Information for the General Public
Information for Healthcare Providers
*Mpox case and vaccination data will be updated on Friday's.
Orange County Health Care Agency (OCHCA) continues to investigate and conduct contact tracing on all confirmed and probable cases and continues to monitor and coordinate post-exposure prophylaxis for high-risk close contacts to known cases. The risk of mpox in the general population remains very low based on current information available. For national updates, including counts of cases by state, see the CDC U.S. Mpox 2022: Situation Summary.
- Mpox (formerly known as monkeypox) is a rare disease that is caused by the mpox virus.
- Mpox virus belongs to a group of viruses called Orthopoxvirus, which includes the variola (smallpox) virus, and the vaccinia virus, which is used in the smallpox vaccine.
- Mpox is of public health concern because the illness is like smallpox and can be spread from infected people, animals, and items contaminated with the virus (ex: bedding sheets).
- Mpox was first identified in 1958 and occurs primarily in Central and West African countries.
- Mpox cases have occurred in the U.S. in the past (mostly related to international travel or importation of animals) but have been very rare.
- Recently people with mpox infection, not related to travel to Central and West Africa, have been reported in multiple countries, including the US.
- Early flu-like symptoms of mpox can include:
- Muscle aches and backache
- Swollen lymph nodes
- A rash or sore, sometimes located on or near the genitals or anus, but sometimes in other areas like the hands, feet, chest or face.
- Sores will go through several stages before healing.
- Sores may be inside the body, including the mouth, vagina, or anus.
- Some people experience a rash or sores first, followed by other symptoms and some only experience a rash or sores.
- Mpox can be spread from the time symptoms start until all sores have healed and a fresh layer of skin has formed – this can take several weeks.
- Direct skin-to-skin contact with the sores or scabs of people with mpox
- Direct contact with body fluids of people with mpox, such as drainage from skin sores or saliva that was in contact with mouth sores
- Contact with the respiratory secretions of people with mpox, such as saliva, during prolonged, face-to-face contact or during intimate physical contact, such as kissing, cuddling, or sex
- Touching items (such as bedding towels, clothing, cups and utensils) that previously touched the sores or body fluids of people with mpox
To date, there has been no evidence that mpox is spread by:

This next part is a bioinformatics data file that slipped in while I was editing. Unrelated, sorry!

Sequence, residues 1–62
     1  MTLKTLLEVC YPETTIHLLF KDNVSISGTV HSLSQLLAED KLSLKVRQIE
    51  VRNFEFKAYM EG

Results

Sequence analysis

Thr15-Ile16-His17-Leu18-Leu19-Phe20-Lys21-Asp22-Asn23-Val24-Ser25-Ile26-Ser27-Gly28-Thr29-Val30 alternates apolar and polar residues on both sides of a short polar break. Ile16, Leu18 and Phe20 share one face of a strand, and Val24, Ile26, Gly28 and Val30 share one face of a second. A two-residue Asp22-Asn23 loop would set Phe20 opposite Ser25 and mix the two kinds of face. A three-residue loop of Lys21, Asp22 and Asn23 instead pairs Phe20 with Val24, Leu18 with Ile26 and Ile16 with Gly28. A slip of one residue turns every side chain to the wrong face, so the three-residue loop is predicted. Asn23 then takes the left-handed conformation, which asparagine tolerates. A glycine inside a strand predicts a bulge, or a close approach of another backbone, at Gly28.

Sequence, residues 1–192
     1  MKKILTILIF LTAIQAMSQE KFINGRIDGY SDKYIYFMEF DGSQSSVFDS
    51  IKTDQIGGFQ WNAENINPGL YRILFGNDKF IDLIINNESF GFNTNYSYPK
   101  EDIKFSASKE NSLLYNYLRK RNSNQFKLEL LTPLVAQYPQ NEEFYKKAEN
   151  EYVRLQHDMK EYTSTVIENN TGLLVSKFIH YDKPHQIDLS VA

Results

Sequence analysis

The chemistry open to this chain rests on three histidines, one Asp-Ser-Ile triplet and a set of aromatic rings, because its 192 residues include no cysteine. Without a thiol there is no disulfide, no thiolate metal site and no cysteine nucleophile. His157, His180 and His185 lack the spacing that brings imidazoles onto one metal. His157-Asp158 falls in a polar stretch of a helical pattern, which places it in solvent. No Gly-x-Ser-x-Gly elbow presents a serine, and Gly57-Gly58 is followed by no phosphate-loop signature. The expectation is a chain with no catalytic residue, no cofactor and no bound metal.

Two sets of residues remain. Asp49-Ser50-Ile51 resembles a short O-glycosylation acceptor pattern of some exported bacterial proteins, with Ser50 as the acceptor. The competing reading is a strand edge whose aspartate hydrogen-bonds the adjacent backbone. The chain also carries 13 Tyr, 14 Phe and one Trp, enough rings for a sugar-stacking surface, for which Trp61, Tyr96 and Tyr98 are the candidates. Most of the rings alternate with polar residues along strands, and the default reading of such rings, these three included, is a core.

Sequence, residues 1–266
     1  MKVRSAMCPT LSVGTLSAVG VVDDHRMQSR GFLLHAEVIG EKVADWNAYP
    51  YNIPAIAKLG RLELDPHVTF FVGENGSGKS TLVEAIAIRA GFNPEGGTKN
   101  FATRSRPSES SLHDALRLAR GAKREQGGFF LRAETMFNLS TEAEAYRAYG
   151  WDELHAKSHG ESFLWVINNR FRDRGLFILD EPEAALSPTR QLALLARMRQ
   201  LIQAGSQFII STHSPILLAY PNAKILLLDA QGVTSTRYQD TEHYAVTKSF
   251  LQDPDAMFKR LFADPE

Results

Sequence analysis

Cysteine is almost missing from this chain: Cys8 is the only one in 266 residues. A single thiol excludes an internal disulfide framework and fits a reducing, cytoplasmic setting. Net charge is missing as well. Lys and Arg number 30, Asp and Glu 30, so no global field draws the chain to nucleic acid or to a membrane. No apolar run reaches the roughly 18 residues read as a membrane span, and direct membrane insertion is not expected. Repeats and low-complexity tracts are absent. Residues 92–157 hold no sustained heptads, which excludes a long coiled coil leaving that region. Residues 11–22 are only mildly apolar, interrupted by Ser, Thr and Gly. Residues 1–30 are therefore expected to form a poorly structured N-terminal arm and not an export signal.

- Attending an outdoor event with fully clothed people
- Trying on clothes or shoes at a store
- Traveling in an airport, on a plane or on other public transit
- Swimming in a pool or body of water
- Casual contact with other people
The risk of mpox, to the general population is low. There are many rash illnesses in children some can look like mpox. If you are concerned about your child’s health talk to your healthcare provider. Testing for mpox is widely available through your healthcare provider. The CDC has put out FAQs Schools, Early care and Education Programs, and Other Setting Serving Children or Adolescents https://www.cdc.gov/poxvirus/monkeypox/schools/faq.html.
The CDC recently put out a fact sheet on directed at youth to address questions and provide information https://www.cdc.gov/poxvirus/monkeypox/teens-young-adults.html.
It is also available in Spanish: https://www.cdc.gov/poxvirus/monkeypox/pdf/MPOX-info-teens-young-adults-spanish.pdf.
Public Health recommends that you speak to your primary care provider. Most providers can now do testing for monkeypox through commercial laboratories.
If you do not have a regular provider, call 2-1-1 or the OCHCA Health Referral Line at 800-564-8448 for assistance.
Most people recover in two to four weeks even without medicines that kill the virus causing mpox. Your child may need treatment if they have complications or severe disease or are at high risk for severe disease. Treatment may be advised if they have lesions on certain parts of their body (for example, eyes, mouth, genitals, or anus).
Mpox remains contagious until the rash is completely gone---after all scabs have fallen off and new skin has formed. Parents and caregivers of children with mpox should:
- Cover the child’s skin rash.
- Remind their child to avoid scratching or touching the rash or eyes.
- Keep other people and pets away from the child. If possible, one person should provide all care for them.
- Have the child wear a well-fitting mask if they are 2 years old or older when others are taking care of them. The caregiver should wear a respirator or well-fitting mask and gloves when touching the child and handling bandages or clothing.
- Keep the child isolated and home from school or other activities until they are no longer contagious.
Due to very limited vaccine supply, mpox vaccine (Jynneos) will only be available to high-risk groups. More information on availability can be found here.
The CDC has put together a Mpox Clinical Recognition page, that provides information on incubation period, prodromal symptoms, provides pictures of characteristic rash, and the time-course of the rash.
Photo source: UK Health Security Agency
For additional information, please see the Infectious Disease Society of Webinar for providers from July 23, 2022: Mpox: Updates on Testing, Vaccination and Treatment.
For the most current recommendations see the CDC’s Mpox Infection Control: Healthcare Settings.
Personal protective equipment used by healthcare personnel who enter the patient’s room should include:
- Eye protection (i.e., goggles or a face shield that covers the front and sides of the face)